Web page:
2015 National Elections

Guatemala’s national elections in 2015 came amidst public demonstrations for better, more transparent government, a turbulent time for the country.

The election monitoring group Acción Ciudadana (AC; “Citizen Action”) undertook an observation focused on illuminating not only the realities of campaign finance and corruption, but also electoral violence, with a particular focus on violence against women in elections as well as violence targeting LGBTI (lesbian, gay, bisexual, transgender and intersex) and indigenous communities.

Over the course of the observation, AC, the Guatemalan chapter of Transparency International, was able to collect a great deal of information, in large part because they had created their forms with an intent to capture data that was disaggregated in a number of ways, including gender, ethnicity and sexual orientation. In doing so, they created an observation that allowed them to see the effects of several types of marginalization — including the marginalization of women through VAW-E — and analyze their data through an intersectional perspective.


AC deployed observers in 20 municipalities over several months before election day, as well as during the period between election day in September and the run-off election in October. They monitored the campaign spending of political parties, and reported incidents of violence they saw, indicating where those incidents were targeted at women, LGBTI or indigenous persons.

Guatemala Pre-Election Violence by General Categories

Overall, most reported incidents of violence were economic (36%), threats and coercion (30%) or psychological (28%).

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Guatemala Pre-Election Social Benefits

An area of concern prioritized in the observation was coercion of voters through social benefit programs. Of the incidents of coercion reported, the programs “Bono Seguro” and “Bolsa Segura” were the most likely to be targeted.

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Guatemala Pre-Election Threats and Coercion Violence by Gender and Category

The social benefit programs that had the highest number of reported incidents of coercion also also had the highest percentages of women enrolled, indicating that women were disproportionately impacted by coercion.

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Guatemala Pre-Election Sexual Violence by Gender and Category

Guatemalan law prohibits the sexual exhibition of persons to draw attention to a campaign or political party event. Of incidents of this violence that were reported, women were most likely to be exhibited in this way.

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Guatemala Pre-Election Physical Violence by Gender and Category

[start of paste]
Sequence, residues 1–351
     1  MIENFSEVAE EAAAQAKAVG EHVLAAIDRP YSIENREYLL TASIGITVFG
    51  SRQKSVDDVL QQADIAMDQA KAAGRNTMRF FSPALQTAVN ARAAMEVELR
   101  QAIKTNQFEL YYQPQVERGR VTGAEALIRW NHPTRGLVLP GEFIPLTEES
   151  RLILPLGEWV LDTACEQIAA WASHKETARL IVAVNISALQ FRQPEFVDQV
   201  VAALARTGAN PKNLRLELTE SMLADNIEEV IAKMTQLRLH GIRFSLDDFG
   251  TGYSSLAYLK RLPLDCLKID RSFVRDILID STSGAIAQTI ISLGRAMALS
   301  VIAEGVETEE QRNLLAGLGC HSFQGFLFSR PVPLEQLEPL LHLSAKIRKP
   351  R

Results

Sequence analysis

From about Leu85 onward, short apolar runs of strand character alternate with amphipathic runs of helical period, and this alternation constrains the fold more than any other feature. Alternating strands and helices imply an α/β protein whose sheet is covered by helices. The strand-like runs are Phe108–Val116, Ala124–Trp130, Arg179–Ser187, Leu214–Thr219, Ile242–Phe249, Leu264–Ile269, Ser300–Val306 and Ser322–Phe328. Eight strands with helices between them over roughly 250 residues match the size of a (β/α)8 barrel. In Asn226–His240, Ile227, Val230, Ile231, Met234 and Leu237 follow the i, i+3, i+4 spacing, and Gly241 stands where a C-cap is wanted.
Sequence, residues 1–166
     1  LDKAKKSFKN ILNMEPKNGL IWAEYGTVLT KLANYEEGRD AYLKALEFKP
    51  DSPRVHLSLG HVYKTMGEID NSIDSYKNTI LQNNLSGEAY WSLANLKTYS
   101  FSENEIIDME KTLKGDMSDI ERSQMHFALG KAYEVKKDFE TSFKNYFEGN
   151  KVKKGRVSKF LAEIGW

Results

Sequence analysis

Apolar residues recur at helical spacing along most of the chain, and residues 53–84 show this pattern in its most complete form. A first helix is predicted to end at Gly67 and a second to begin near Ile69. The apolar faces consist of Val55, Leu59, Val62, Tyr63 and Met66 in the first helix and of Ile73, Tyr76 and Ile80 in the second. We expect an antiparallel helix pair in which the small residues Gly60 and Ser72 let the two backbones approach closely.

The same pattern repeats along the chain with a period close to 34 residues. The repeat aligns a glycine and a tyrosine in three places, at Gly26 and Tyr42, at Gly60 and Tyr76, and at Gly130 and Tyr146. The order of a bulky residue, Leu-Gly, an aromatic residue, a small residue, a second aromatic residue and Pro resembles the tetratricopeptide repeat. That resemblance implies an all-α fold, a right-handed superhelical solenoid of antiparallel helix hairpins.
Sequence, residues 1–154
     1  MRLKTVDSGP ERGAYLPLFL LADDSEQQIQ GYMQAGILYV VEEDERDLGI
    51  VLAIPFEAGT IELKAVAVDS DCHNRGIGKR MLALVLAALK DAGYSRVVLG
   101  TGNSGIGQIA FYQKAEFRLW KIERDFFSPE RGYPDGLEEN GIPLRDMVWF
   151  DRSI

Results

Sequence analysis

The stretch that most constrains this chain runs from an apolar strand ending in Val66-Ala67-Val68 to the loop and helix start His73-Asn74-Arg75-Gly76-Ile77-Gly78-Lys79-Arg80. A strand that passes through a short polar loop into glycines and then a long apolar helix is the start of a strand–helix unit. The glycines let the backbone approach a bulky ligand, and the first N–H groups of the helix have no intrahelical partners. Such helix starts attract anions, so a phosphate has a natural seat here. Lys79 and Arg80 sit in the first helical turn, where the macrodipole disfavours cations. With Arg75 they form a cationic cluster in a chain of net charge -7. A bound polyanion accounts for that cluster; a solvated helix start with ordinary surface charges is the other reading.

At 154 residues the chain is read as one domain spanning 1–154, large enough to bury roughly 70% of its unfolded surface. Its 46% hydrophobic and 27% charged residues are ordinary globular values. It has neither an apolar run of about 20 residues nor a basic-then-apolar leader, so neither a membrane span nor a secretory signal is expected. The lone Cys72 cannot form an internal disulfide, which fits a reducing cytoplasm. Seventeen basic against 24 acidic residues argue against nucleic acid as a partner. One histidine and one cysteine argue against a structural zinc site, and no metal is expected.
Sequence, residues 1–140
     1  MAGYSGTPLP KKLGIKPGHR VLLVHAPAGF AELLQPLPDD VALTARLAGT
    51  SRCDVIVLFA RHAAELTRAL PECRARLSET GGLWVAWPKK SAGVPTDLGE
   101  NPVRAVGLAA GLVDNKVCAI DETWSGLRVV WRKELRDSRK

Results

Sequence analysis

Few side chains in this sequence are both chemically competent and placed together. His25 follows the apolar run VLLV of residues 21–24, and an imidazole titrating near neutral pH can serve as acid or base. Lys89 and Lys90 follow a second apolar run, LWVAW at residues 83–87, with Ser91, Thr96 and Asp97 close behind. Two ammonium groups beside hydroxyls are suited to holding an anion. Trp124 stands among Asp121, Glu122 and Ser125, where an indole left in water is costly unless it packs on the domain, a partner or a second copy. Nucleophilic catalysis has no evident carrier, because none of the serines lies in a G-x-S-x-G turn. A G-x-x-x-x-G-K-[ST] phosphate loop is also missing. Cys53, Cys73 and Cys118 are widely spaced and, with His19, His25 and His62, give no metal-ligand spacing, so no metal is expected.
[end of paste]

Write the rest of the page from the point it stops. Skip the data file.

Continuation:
Men were more likely to be targeted by physical violence than women; this may be because men were more likely to be running for high-profile positions.

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Guatemala Pre-Election Psychological Violence by Gender and Category

Likewise, reported incidents of psychological violence, in particular slander and defamation, were more likely to target men, who were more likely to be running for high-profile local posts, such as mayoral positions.

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Guatemala Pre-Election Economic Violence by Gender and Category

Economic violence reported by observers indicated that men were more often targeted by property damage, but that men and women were similarly targeted for other forms of economic violence such as bribery and economic coercion.

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On election day, observers remained stationed in the same 20 municipalities, reporting to AC about the forms of violence they witnessed and who the victims and perpetrators were.

Guatemala Election Day - Victims by Role and Gender

Reported incidents of violence were primarily aimed at citizens; that is, Guatemalans who were not candidates, officials, or dedicated party supporters (sympathizers).

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Guatemala Election Day - Perpetrators by Gender and Role

Citizens were also most likely to be the perpetrators in the reported incidents of violence; while men were most likely to perpetrate violence overall, women were also a significant percentage of perpetrators.

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In its observation of the 2015 Guatemalan national elections, Acción Ciudadana conducted an observation throughout the pre-election period, as well as election day, the day of the run-off presidential election, and the period between the initial election day and the run-off.

Observers were stationed in 20 municipalities across Guatemala, chosen for their history or likelihood of violence, particularly during elections. Observers in the pre-election monitoring effort sent regular reports to AC that recorded any violence that they had personally witnessed, as well as incidents of violence that were reported to them by formal committees of community leaders that they had organized, with whom they met to collect further reports of violence.